Pirates vs. Private Security: Commercial Shipping, the Montreux Document, and the Battle for the Gulf of Aden

Coito, Joel Christopher
February 2013
California Law Review;Feb2013, Vol. 101 Issue 1, p173
Academic Journal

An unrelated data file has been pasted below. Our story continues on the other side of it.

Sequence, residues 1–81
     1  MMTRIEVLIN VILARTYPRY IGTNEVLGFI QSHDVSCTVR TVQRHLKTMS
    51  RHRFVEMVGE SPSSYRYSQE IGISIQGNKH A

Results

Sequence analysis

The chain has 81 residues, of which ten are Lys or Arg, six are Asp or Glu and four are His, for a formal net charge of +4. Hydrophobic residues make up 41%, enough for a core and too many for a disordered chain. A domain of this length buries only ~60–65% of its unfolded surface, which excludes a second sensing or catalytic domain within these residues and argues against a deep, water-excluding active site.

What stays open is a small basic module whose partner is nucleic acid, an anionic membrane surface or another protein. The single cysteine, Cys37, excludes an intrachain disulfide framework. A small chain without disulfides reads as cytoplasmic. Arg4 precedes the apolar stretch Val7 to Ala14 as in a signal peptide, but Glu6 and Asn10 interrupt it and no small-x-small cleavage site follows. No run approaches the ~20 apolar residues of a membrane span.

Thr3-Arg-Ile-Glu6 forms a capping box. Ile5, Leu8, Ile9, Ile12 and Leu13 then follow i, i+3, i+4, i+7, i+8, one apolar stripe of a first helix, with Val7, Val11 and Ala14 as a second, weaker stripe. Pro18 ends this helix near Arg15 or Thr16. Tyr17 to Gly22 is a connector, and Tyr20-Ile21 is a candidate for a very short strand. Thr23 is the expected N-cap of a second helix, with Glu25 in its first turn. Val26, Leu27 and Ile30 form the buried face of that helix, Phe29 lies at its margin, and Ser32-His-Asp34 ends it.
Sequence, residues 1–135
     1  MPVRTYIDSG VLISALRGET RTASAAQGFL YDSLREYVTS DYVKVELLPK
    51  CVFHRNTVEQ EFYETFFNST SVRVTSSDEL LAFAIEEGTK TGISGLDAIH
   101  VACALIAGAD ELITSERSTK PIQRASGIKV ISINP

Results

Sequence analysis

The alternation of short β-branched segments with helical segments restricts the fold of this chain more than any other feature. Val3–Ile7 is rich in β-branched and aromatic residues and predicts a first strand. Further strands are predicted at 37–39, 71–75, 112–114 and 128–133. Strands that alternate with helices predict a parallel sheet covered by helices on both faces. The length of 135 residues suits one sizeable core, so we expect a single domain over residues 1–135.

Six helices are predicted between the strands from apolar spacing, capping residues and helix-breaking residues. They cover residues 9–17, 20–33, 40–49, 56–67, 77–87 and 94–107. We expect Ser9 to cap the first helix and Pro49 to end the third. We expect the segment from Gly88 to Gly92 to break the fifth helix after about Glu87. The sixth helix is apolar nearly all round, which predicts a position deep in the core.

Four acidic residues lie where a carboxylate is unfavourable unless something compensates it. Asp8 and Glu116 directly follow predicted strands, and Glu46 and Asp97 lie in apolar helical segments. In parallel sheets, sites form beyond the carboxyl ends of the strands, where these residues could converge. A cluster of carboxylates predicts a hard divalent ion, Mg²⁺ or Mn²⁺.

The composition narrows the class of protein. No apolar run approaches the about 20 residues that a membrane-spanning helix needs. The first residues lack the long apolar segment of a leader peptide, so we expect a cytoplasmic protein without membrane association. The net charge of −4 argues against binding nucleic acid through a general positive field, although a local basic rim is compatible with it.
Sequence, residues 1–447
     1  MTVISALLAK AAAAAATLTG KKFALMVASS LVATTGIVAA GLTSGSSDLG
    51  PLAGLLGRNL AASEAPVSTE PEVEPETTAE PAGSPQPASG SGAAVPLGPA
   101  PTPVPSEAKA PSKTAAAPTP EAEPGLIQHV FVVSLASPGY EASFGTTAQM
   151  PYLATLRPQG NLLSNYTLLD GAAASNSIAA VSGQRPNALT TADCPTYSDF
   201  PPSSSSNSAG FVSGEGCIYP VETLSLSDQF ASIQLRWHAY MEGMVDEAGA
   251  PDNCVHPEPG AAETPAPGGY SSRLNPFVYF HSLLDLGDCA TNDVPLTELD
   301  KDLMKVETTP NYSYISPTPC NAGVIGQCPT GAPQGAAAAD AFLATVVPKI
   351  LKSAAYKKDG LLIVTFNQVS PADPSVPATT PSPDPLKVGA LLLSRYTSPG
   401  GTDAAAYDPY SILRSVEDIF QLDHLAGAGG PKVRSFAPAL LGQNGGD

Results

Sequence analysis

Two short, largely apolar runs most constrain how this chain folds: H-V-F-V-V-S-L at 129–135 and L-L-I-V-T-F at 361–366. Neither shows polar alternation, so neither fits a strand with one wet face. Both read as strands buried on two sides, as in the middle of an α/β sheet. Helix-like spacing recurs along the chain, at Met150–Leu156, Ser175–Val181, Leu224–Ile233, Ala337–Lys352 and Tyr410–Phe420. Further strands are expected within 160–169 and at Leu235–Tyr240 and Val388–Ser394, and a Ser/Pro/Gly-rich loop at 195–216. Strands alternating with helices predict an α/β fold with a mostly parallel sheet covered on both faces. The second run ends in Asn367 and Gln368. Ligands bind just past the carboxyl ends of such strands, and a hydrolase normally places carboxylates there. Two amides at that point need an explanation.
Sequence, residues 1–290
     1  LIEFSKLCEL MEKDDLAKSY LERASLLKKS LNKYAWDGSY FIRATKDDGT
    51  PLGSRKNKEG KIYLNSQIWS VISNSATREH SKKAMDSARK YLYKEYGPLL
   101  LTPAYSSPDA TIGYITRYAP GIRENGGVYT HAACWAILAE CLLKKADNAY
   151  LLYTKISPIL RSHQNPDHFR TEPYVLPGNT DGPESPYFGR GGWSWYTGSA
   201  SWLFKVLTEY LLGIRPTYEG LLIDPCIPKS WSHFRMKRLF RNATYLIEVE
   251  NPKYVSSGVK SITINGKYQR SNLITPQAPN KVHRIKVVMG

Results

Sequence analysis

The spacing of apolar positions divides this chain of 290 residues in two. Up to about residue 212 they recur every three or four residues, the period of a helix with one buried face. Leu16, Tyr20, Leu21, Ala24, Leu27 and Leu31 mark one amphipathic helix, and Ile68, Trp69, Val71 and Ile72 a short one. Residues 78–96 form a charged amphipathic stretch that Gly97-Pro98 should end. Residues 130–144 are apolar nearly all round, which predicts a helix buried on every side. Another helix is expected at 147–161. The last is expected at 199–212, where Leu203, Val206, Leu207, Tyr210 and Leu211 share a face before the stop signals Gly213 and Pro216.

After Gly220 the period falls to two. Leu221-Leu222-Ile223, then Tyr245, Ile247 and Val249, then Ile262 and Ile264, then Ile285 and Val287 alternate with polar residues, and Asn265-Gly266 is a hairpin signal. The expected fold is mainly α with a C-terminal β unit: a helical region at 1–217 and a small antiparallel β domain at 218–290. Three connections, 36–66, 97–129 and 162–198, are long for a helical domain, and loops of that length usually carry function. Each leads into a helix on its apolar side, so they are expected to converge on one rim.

The scourge of Somali piracy has imperiled the free movement of commercial shipping vessels in the Gulf of Aden, a major conduit of global commerce. A "grand armada" of international naval forces sent to safeguard commercial vessels near Somalia has been unable to stem the growth of Somali pirate syndicates capable of brazen attacks and bolstered by the promise of multimillion dollar ransoms. This Comment explores the commercial shipping industry's increasing reliance on private military and security companies (PMSCs) to secure their vessels, cargo, and crews from pirate attacks. The International Maritime Organization and other groups have vehemently opposed PMSC employment aboard commercial vessels, citing the inevitable escalation of violence and excessive use of force that are part of the PMSC modus operandi. This Comment highlights the factual underpinnings that animate these concerns and suggests that the PMSC misconduct in the conflicts in Iraq and Afghanistan provide instructive, indeed critical, lessons regarding the responsible employment of PMSC forces to combat piracy.


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